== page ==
Raymond Richman - Jesse Richman - Howard Richman
Richmans' Trade and Taxes Blog
Morici: 8.5% unemployment may be as good as it gets
In his latest commentary, University of Maryland economist Peter Morici predicts that the unemployment rate won't go below 8.5% in the near future. Here's his reasoning:
What could the U.S. government do? He writes:
The current Washington establishment is oblivious to reality. So long as China and almost all of the other emerging market countries are allowed to continue their currency manipulations, there will be little manufacturing job growth.
The only hope on the horizon is that likely Republican presidential candidate Mitt Romney might balance trade if elected president. His current trade position is:....
Are the media mentioned above deliberately deceiving investors as to the initial claims for unemployment compensation during the week of January 14, 2012? Secretary of Labor Hilda Solis’s Bureau of Labor Statistics reported that seasonally adjusted initial claims were 352,000, a decrease of 50,000 from the previous week’s revised figure of 402,000. This was the data reported by CNBC TV, Bloomberg TV, and Fox business channel on January 19, and by the Wall Street Journal and the New York Times and other print media on January 20.
The same report in which the BLS reported the seasonally adjusted data also reported the actual number of claims and the total number receiving unemployment compensation but the media did not report it. ...
Switching fleets to CNG is a no-brainer
When I was in Boston for my youngest daughter's college graduation, I noticed that all of the within-airport buses were running on CNG (Compressed Natural Gas). They looked the same as other buses, except that they did not give off diesel smoke. Since CNG burns cleaner, their engines will probably last longer without requiring oil changes.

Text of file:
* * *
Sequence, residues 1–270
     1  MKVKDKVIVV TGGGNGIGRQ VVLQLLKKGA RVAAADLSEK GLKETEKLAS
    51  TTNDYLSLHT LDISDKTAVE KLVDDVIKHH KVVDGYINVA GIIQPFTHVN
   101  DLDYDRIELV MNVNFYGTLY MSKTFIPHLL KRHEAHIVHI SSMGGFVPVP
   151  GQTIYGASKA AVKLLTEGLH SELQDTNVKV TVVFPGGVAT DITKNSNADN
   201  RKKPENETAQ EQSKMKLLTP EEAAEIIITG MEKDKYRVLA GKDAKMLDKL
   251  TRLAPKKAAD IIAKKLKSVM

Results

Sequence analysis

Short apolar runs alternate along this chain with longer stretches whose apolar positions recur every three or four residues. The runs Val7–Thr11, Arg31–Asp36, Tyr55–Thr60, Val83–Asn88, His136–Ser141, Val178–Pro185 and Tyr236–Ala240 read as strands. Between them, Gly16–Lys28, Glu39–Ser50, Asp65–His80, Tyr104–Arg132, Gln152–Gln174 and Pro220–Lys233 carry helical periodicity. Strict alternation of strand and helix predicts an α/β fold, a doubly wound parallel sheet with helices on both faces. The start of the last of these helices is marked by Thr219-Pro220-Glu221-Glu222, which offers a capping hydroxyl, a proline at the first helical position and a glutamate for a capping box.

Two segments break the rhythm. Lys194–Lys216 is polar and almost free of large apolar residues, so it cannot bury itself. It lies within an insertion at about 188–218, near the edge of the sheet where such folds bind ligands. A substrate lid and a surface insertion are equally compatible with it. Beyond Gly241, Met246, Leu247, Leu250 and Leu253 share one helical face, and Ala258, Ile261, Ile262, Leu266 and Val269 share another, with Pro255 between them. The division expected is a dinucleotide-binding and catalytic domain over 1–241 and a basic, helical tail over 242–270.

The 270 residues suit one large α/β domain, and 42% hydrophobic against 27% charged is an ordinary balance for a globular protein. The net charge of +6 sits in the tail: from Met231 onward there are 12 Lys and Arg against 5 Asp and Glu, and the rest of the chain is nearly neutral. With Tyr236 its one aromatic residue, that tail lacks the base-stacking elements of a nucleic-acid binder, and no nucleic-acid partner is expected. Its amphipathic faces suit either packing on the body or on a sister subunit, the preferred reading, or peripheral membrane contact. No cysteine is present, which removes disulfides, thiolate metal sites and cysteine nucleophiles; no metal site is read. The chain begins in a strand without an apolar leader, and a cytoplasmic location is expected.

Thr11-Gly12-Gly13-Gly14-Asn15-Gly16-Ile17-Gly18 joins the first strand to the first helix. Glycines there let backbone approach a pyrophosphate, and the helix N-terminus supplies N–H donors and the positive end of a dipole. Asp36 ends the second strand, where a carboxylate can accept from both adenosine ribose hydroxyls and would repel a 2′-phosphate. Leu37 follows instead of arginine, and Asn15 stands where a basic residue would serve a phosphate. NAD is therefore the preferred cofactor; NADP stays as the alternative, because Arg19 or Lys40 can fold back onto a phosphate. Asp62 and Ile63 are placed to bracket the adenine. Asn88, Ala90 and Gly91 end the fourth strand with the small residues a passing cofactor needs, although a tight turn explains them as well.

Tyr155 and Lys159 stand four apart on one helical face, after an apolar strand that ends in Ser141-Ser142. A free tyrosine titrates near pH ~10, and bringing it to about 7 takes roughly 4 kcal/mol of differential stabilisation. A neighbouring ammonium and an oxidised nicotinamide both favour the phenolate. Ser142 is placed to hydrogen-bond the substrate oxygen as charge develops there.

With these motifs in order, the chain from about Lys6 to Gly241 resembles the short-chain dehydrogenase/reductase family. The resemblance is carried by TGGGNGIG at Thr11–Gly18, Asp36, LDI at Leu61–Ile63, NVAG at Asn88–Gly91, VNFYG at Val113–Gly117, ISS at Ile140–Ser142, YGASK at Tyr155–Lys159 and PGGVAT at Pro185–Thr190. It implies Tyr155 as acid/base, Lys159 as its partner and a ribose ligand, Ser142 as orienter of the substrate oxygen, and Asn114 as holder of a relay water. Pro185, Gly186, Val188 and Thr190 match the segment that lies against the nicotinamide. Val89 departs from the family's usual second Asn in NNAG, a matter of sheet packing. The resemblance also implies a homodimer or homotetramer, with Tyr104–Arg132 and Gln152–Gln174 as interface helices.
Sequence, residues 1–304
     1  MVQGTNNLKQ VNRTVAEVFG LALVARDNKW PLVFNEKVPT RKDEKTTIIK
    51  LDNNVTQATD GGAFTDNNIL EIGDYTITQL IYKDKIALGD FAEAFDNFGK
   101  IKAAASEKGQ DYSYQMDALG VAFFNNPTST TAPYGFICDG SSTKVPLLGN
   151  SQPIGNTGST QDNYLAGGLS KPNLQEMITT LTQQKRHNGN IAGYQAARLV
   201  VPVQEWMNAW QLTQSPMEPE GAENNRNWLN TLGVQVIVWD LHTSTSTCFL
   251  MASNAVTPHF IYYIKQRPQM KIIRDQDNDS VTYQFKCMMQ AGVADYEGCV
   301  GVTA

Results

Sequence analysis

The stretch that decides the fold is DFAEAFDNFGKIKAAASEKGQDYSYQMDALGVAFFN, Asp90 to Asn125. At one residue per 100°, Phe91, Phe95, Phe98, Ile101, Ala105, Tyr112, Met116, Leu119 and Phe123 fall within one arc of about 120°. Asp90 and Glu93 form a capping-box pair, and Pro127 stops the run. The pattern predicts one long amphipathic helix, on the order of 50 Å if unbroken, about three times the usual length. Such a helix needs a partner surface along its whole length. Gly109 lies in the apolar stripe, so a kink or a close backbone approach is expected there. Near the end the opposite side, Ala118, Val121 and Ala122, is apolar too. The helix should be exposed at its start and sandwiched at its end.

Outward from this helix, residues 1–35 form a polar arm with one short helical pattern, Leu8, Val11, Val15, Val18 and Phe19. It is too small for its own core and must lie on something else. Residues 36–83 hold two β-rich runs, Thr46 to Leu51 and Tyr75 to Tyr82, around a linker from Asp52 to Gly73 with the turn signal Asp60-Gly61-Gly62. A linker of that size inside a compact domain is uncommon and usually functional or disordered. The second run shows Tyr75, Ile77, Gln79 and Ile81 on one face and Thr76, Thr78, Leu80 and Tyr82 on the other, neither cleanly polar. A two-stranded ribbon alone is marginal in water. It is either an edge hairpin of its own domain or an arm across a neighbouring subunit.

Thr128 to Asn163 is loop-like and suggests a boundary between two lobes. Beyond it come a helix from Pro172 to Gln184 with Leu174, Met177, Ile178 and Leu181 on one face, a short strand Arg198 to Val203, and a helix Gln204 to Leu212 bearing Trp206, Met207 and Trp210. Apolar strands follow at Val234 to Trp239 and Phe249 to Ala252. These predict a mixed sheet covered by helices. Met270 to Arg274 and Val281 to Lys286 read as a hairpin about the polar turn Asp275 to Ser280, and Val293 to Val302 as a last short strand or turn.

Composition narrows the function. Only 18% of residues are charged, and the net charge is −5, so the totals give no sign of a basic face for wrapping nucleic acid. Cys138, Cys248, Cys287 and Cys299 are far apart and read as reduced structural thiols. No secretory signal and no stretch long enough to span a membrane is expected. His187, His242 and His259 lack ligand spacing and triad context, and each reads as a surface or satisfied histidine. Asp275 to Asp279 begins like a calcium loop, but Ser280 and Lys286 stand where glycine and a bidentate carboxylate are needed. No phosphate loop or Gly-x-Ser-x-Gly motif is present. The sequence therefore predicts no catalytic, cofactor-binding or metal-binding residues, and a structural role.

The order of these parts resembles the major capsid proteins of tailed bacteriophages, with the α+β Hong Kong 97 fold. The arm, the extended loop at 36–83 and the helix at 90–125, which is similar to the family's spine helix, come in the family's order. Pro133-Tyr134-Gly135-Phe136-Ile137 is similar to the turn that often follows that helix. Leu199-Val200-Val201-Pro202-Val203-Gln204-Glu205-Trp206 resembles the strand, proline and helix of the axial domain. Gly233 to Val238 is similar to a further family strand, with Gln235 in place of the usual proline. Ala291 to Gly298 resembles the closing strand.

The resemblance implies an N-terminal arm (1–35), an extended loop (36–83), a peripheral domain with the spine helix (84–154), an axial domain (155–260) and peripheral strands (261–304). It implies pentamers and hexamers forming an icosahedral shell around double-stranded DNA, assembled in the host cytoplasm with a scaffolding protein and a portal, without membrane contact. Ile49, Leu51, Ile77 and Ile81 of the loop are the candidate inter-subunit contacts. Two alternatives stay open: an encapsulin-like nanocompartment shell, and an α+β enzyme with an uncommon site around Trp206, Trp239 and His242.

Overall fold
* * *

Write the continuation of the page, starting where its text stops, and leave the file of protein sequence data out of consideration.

The switch of Boston Airport buses to CNG is part of a growing switch of fleets to CNG. Eventually, the increasing number of CNG filling stations will make it possible for households to switch to CNG. (Click here to see the GM pick-up truck that I plan to buy once a CNG filling station opens up in my area.)
The main drawbacks of CNG are: (1) filling stations are not readily available everywhere, and (2) the fuel tanks take up more room on the vehicle. Neither of these drawbacks applies to public buses. In a January 18 blog entry on the Pike Research website, Anissa Dehamna (In D.C., Running on Natural Gas) suggests that the switch-over can save the public transportation companies money, even if they have to build their own filling stations:...
Emmanuel Goldstein makes the case for our Scaled Tariff in his blog
On December 14, Emmanuel Goldstein endorsed our scaled tariff in a blog commentary entitled "The case for a scaled tariff." His writing is clear and powerful.
He begins by discussing the American jobs crisis, not only the high unemployment, but also the growing income inequality and the stagnating median income. He points out that the solutions provided by the right (lower taxes and regulation) and the left ("a large federal entitlement for everyone") would not solve the problem.
He understands the classical economic argument against tariffs, but also understands that it does not apply in the United States today. He writes:
In his final paragraph he recommends our Scaled Tariff as a possible solution. He writes:...
Growing trade deficit quashing recovery -- again!